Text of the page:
So much for that impenetrable force field of technology acquisitions and that brick-and-mortar moat that was supposed to protect Walmart (WMT) from the ongoing threat of Amazon (AMZN) .

Shares of the Arkansas-based retailer slumped 10% Tuesday, dragging down the Dow down with it, just after the world's largest retailer earned $1.33 a share on an adjusted basis in the fourth quarter, below analysts' forecasts of $1.37, and said online sales growth slowed.

It's an interesting turn of events for the retailer, which has spent much of the past few years bulking up its technology offerings through acquisitions of Bonobos and Jet.com. The company says it will spend less on marketing for Jet.com, in particular, as it looks to build up awareness of Walmart.com. The winding down, or at least the lack of emphasis on Jet.com, was something many in the industry had expected after the Bentonville, Ark., company shelled out $3 billion on it a few years ago. It was a pure technology play, pundits said at the time.

Even despite the lackluster earnings figures and subdued e-commerce growth (that segment only produce 23% growth in the quarter compared to 50% last quarter) Walmart continued to take its battles against Amazon to new levels. The company is reportedly set to spend just under $5 billion for a 40% stake in India's largest digital commerce company, Flipkart. Amazon and Alibaba (BABA)  had been battling over the country for some time and it seems Walmart wants to get some skin in the game as well.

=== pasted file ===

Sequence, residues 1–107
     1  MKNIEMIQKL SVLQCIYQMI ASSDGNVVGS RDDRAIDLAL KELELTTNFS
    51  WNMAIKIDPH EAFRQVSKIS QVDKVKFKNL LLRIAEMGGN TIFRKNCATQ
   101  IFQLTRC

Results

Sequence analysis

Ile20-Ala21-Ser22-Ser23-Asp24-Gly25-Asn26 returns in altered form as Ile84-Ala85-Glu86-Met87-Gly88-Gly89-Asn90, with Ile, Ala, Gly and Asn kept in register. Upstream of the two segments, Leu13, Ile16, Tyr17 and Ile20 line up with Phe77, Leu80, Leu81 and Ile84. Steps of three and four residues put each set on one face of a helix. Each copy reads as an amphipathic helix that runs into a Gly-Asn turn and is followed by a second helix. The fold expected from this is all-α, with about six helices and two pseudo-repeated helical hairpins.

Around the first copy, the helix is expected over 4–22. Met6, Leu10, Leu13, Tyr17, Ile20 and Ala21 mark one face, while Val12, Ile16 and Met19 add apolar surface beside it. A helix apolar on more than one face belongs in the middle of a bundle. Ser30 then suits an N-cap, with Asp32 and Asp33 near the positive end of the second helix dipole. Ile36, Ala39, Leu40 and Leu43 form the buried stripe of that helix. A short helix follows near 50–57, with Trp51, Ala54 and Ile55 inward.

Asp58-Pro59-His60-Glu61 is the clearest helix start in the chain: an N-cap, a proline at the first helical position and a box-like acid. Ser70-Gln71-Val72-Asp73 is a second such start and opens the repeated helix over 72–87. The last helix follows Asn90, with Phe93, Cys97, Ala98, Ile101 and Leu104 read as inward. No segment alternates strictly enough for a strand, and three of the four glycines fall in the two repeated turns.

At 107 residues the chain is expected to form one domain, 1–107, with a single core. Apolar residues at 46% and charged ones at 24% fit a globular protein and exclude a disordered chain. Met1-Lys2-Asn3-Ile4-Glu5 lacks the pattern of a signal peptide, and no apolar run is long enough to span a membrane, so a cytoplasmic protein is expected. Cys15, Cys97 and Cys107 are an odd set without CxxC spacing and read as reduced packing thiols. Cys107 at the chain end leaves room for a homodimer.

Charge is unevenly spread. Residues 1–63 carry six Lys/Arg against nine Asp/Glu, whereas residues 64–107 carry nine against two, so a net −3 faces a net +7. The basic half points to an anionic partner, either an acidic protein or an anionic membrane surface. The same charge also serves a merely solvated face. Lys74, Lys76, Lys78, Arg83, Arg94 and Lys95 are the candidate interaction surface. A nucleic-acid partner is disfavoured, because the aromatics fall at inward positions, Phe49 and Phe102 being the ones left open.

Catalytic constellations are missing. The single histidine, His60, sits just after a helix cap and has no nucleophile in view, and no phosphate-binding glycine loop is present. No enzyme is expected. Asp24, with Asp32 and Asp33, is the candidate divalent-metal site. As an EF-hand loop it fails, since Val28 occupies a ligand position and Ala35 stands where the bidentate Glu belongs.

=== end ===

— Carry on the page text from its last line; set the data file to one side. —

For others that are unsure about their future as a retailer of food, toiletries and even prescription drugs, what do you do? Well, if you listen to the trends, you should just buy part of Rite Aid (RAD)  .

That seems to be a popular theme as Albertsons swooped in and acquired the rest of Rite Aid not already being acquired by Walgreens (WBA)  .

The deal puts Albertsons' leverage at about 3.8 times Ebitda, and comes after Albertsons Cos. alongside Winn Dixie parent Bi-Lo, had their debt downgraded by Moody's in recent months. Though Albertsons gains access to the steadier revenue flow of a pharmacy chain, the merger with Rite Aid brings two industries that are encroaching on each other's territory even closer together.

A combined Albertsons-Rite Aid would mark another significant change in the U.S. retail landscape, which was upended last summer by Amazon's $13.7 billion purchase of Whole Foods Markets. As Walgreens and Albertsons dive deeper into retail operations, CVS Health (CVS)  is delving deeper into healthcare, with its acquisition of Aetna (AET)  , that will close later this year.

This is an excerpt from "In Case You Missed It," a daily newsletter brought to you by TheStreet. Sign up here.

Photo of the day: Bullish on the future of toys

Anybody paying attention knows the toy industry has has a rough go lately, just ask Toys 'R' Us and its backers at Bain Capital and KKR & Co. Well, despite the struggles of retailers, Hasbro CEO Brian Goldner is bullish on the future of toys especially after his company unveiled a new line of toys inspired by Disney's (DIS) Star Wars franchise. "Our retail footprint is bigger than ever before," Hasbro CEO Brian Goldner told TheStreet in a recent interview at the company's annual toy exhibition when asked about the Toys 'R' Us situation. "We don't see a long-term impact of from the Toys 'R' Us bankruptcy." Read more

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